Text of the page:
The authors then go on to introduce the statistical “p” value of “less than .01 %.” Red flags should be going up everywhere. A “p” value is never expressed as a percentage. It is meaningless to express it that way. For example, a “p” value of .05 (one in twenty) means that there is a 5% probability that the relation between the variables found in a sample is by chance. It was also quite generous of the authors to arrive at a “p” value of less than one in one hundred when one in twenty is the accepted norm. If these were the best statisticians on the planet one might grant them a less than .01 “p” value. But a “p” value expressed as .01 % does not exist in mathematical language.

Page 37 is devoted to an egregious opinion piece that accuses the government of Haiti of lying about the death toll. This page alone should serve as a valid reason to relegate this “study” to the rubble it purports to study.

Page 38 is also eye opening. For all of you whose eyes glaze over at the mention of statistics, look at it this way. If someone were hired to do a study of your hometown that required an accurate count of the residents, and they took a shot in the dark at a population range of somewhere between 18,690 and 66,625, and decided using that huge range and the elusive “p” value that there were probably 42,608 people in your town–your local unit of government would probably fire them. But Haiti cannot fire USAID or the people and consulting firms that work for USAID.

georgianne nienaber

Let’s hope there is some ad hoc peer review of this mess. For now, it is the messenger of an irresponsible press community that should bear the blame. No one forced anyone to publish the findings and the damage is done. Haiti remains the slave on the plantation as far as the international press is concerned.

In case readers skipped over the link to Defend Haiti, this comment is a must read.

“One side is lying. Either it is the international community that now wants to lead off the reconstruction of Haiti, without participation or representation of the Haitian people, or it is the State Department and the writers of their report who also have their own gains and interests, that do not regard the Haitian people.”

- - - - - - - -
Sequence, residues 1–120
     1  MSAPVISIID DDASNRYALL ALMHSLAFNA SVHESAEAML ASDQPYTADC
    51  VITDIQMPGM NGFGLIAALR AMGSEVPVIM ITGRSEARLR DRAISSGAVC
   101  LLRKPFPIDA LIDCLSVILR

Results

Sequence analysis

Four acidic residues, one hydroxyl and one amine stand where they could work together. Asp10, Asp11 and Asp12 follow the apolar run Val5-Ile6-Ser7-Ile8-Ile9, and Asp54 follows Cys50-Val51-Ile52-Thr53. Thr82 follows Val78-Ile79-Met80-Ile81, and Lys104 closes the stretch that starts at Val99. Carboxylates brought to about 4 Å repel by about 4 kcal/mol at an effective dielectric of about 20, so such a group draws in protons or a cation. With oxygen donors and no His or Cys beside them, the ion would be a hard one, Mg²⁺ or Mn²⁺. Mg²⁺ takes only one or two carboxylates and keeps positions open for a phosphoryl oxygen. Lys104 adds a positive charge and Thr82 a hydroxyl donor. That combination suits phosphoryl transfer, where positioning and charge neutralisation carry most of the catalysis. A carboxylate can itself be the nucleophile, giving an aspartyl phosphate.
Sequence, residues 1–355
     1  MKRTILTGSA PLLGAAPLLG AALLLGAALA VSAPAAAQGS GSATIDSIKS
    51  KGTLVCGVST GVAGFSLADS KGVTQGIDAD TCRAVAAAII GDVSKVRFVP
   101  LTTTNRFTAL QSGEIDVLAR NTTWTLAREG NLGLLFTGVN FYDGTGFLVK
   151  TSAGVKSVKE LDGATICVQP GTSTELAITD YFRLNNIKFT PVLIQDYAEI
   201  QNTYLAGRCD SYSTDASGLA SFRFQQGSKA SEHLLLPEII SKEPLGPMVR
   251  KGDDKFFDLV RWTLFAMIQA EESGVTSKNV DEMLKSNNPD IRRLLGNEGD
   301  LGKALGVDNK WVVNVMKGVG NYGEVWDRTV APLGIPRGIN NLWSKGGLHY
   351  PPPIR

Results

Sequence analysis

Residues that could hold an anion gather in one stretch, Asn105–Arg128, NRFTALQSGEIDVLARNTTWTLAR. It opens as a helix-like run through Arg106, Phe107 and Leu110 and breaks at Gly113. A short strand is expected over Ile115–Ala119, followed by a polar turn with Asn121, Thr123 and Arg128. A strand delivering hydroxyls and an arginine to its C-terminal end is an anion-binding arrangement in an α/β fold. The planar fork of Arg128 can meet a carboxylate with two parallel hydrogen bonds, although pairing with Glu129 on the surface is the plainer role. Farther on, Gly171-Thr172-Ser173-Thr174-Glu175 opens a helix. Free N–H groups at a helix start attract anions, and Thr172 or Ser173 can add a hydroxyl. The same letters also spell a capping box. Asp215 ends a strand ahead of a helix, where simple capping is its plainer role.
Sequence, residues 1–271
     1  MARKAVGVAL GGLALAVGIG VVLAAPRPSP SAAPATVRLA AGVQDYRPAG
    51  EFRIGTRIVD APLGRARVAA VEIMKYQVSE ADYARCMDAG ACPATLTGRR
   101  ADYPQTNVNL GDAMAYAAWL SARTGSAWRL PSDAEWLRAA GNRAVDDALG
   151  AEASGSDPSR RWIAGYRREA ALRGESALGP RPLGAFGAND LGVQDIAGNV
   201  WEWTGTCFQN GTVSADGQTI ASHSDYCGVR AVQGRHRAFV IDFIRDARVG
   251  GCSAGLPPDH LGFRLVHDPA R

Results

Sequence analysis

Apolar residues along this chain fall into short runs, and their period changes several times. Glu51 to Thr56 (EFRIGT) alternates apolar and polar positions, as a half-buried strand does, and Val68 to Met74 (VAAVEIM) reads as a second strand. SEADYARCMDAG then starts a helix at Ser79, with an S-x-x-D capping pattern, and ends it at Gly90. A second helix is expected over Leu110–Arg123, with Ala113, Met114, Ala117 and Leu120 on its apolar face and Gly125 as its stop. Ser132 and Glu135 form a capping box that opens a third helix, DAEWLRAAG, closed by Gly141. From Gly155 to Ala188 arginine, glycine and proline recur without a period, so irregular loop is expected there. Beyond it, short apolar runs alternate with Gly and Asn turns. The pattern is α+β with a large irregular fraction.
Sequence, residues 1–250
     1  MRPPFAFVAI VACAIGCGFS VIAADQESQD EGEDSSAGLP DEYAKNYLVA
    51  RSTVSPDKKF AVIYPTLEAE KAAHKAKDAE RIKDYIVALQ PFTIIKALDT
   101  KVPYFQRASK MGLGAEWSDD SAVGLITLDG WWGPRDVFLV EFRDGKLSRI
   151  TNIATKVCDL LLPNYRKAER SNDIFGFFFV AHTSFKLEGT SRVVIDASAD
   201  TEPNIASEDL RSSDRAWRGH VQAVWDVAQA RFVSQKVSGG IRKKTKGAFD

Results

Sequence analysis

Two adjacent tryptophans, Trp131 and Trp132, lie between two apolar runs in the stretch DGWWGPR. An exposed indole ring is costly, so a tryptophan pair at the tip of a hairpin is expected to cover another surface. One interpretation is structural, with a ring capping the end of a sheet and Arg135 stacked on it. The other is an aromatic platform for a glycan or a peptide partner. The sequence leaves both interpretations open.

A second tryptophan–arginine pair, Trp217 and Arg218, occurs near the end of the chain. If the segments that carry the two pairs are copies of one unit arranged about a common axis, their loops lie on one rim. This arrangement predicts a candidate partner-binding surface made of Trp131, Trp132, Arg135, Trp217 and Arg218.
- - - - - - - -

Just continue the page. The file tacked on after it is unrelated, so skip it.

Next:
Georgianne Nienaber

Published by the LA Progressive on June 1, 2011
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About Georgianne Nienaber

Georgianne Nienaber is an investigative and political writer. She lives in rural northern Minnesota, New Orleans and South Florida. Her articles have appeared in The Society of Professional Journalists' Online Quill Magazine, The Ugandan Independent, Rwanda's New Times, India's TerraGreen, COA News, ZNET, OpEdNews, Glide Magazine, The Journal of the International Primate Protection League, Africa Front, The United Nations Publication, A Civil Society Observer, Bitch Magazine, and Zimbabwe's The Daily Mirror. Her fiction exposé of insurance fraud in the horse industry, Horse Sense, was re-released in early 2006. Gorilla Dreams: The Legacy of Dian Fossey was also released in 2006. She spent much of 2007-2009 doing research in South Africa, Rwanda and the Democratic Republic of Congo. Georgianne was in DRC as a MONUC-accredited journalist, and has been working in Southern Louisiana investigating hurricane reconstruction and getting to know the people there since late 2007. She is a member of the Memphis Chapter of the National Academy of Recording Arts and Sciences. Georgianne is currently developing a short story collection set in Louisiana, and is continuing "to explore the magic of the Deep South."